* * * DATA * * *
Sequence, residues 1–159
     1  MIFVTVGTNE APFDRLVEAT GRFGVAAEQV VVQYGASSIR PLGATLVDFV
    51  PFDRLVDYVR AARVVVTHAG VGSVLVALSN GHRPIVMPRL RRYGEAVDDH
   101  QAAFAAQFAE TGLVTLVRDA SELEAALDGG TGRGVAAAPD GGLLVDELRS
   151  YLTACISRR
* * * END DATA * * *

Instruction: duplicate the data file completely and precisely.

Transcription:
Sequence, residues 1–159
     1  MIFVTVGTNE APFDRLVEAT GRFGVAAEQV VVQYGASSIR PLGATLVDFV
    51  PFDRLVDYVR AARVVVTHAG VGSVLVALSN GHRPIVMPRL RRYGEAVDDH
   101  QAAFAAQFAE TGLVTLVRDA SELEAALDGG TGRGVAAAPD GGLLVDELRS
   151  YLTACISRR